Full table

COPD progression and exacerbations

The ∆FEV1 significantly differed between the different GOLD stages (Kruskal-Wallis test, P=0.048; Dunn’s multiple comparisons between groups not significant) (Figure 1A). When combining patients of GOLD stages I and II into one group due to the small sample size in the GOLD stage I group, there was again a significant association of ∆FEV1 and the GOLD stage (Kruskal-Wallis test, P=0.021) with a significantly increased lung function decline in GOLD stage IV as compared to GOLD stages I + II (Dunn’s multiple comparison, P=0.039) (Figure 1B). The number of exacerbations was significantly altered with respect to the GOLD stage (Kruskal-Wallis test, P=0.04), with a significant difference between GOLD stages II and IV (Dunn’s multiple comparison, P=0.045) (Figure 1C). Patients of the high-frequency exacerbation phenotype showed significantly increased ∆FEV1 values, indicating an accelerated increase in bronchial obstruction (Mann-Whitney test, P=0.015) (Figure 1D).

Figure 1 Progression of chronic obstructive pulmonary disease (COPD) and exacerbations. Data were analyzed for differences in the mean annual decrease in the forced expiratory volume in 1 second (∆FEV1) between Global Initiative for Chronic Obstructive Pulmonary Diseases (GOLD) stages I to IV (A) or GOLD stages I + II to IV (B) and for differences in the number of exacerbations over the last 12 months between GOLD stages I to IV (C). Analyses were performed by Kruskal-Wallis and Dunn’s multiple comparisons tests. Disease progression (∆FEV1) was compared between patients of the low and high exacerbation phenotype by two-tailed Mann-Whitney test (D). The median/group is indicated. *, P<0.05.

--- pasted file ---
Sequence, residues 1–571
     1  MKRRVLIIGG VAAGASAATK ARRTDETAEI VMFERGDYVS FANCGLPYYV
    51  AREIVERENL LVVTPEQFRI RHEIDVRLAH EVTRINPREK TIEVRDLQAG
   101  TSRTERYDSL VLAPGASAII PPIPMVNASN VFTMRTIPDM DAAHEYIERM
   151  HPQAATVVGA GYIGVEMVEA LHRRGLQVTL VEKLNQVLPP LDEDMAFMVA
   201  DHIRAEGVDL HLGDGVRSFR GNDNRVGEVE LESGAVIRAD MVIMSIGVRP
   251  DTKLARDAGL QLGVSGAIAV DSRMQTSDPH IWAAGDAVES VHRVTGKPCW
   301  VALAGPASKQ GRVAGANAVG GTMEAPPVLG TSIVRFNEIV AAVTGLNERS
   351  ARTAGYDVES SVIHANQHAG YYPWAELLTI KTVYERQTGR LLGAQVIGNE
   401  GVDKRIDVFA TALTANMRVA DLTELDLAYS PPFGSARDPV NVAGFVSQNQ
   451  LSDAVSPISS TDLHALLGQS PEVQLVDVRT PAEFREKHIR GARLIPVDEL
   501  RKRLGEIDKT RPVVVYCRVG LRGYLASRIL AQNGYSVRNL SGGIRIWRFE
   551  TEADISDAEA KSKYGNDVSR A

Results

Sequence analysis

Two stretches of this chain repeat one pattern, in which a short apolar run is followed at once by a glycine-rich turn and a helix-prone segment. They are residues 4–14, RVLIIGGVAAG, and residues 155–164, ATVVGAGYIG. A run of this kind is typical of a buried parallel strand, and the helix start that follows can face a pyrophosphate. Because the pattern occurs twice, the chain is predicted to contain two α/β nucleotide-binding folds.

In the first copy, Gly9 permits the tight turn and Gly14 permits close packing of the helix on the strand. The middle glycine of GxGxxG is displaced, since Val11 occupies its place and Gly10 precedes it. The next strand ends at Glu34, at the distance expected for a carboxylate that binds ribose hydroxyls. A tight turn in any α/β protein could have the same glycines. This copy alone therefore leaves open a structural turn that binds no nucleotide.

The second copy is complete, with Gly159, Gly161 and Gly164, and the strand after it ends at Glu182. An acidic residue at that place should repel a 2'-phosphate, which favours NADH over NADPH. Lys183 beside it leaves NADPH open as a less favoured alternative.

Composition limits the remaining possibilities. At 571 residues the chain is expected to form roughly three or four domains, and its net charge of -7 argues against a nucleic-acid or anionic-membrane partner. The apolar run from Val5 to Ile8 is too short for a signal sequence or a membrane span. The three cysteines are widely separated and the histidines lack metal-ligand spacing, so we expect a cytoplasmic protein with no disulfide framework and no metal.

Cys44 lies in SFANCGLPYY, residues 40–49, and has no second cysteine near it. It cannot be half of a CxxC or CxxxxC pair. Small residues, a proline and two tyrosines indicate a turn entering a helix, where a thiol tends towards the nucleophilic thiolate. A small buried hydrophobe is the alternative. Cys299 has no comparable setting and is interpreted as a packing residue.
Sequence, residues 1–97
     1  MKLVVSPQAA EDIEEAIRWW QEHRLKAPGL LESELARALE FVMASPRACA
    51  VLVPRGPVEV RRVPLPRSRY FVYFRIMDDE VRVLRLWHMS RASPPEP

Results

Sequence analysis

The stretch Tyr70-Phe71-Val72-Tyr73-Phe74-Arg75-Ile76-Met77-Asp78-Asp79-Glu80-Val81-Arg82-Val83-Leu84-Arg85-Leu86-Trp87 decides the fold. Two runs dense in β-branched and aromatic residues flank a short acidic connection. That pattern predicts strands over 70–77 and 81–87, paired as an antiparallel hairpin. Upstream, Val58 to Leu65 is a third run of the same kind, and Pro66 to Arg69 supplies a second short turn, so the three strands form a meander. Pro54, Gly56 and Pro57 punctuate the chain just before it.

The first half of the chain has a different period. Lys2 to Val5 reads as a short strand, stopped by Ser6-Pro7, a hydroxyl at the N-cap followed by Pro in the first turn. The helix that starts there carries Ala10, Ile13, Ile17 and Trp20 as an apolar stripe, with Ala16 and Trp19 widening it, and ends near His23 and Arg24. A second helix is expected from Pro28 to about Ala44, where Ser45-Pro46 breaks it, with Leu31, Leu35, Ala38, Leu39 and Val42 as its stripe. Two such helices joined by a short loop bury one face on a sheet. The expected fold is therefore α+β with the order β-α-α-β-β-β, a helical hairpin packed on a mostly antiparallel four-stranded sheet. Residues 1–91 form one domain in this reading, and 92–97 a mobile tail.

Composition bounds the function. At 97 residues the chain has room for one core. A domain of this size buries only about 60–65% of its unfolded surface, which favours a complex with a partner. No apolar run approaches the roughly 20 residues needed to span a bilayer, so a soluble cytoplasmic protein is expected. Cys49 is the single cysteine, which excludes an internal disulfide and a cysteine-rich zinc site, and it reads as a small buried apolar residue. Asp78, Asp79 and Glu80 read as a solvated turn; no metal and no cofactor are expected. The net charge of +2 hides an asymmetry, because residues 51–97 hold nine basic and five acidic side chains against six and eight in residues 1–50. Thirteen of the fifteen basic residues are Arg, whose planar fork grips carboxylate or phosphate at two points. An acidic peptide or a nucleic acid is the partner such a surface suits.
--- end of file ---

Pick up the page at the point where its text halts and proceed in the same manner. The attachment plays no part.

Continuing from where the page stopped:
Characterization of inflammatory parameters

In our cohort, we did not detect a significant association of systemic inflammation with the different GOLD stages (Table 1). Furthermore, the frequency of patients with heightened CRP, IL-6 or TNF-α was not overtly increased in any of the GOLD stages (Table 1). In patients of the high frequency exacerbation phenotype, there was a trend for increased inflammation with respect to CRP and TNF-α levels and a significant increase in IL-6 (Table 1). Of note, both CRP and IL-6, but not TNF-α, levels were significantly increased in the inpatient collective as compared to the outpatients (Table 1).

Associations between serum 25-OHD levels and current disease severity

Most patients (n=77; 82%) revealed serum 25-OHD levels below 30 ng/mL while more than half showed serum levels below 20 ng/mL (n=51; 54%) (Figure 2A). Furthermore, we observed a fair positive correlation between serum 25-OHD levels and the FEV1 (Spearman r=0.38, P<0.001) (Figure 2B) and there were significant differences in the serum 25-OHD levels between the different GOLD stages [Kruskal-Wallis test, P=0.013; Dunn’s multiple comparisons, P=0.043 (GOLD I vs. GOLD IV)] (Figure 2C). In analysis of GOLD stages II to IV only, to exclude bias due to the small sample size in GOLD stage I, significant differences between GOLD stages persisted [Kruskal-Wallis test, P=0.04; Dunn’s multiple comparisons, P=0.034 (GOLD II vs. GOLD IV)]. Patients in GOLD stages I, II, III and IV showed mean 25-OHD levels of 29.7 (SD 6.5), 22.6 (SD 8.9), 21.0 (SD 9.4) and 17.8 (SD 7.7) ng/mL. Therefore, patients in GOLD stage IV on average suffered from 25-OHD deficiency. The frequency of patients yielding serum 25-OHD levels below 20 ng/mL increased with the GOLD stage (GOLD I none, GOLD II 43%, GOLD III 59%, GOLD IV 75%) (Figure 2D). Overall, these data indicated that COPD patients were likely to suffer from insufficient or deficient serum 25-OHD levels and low 25-OHD levels were significantly correlated with COPD severity.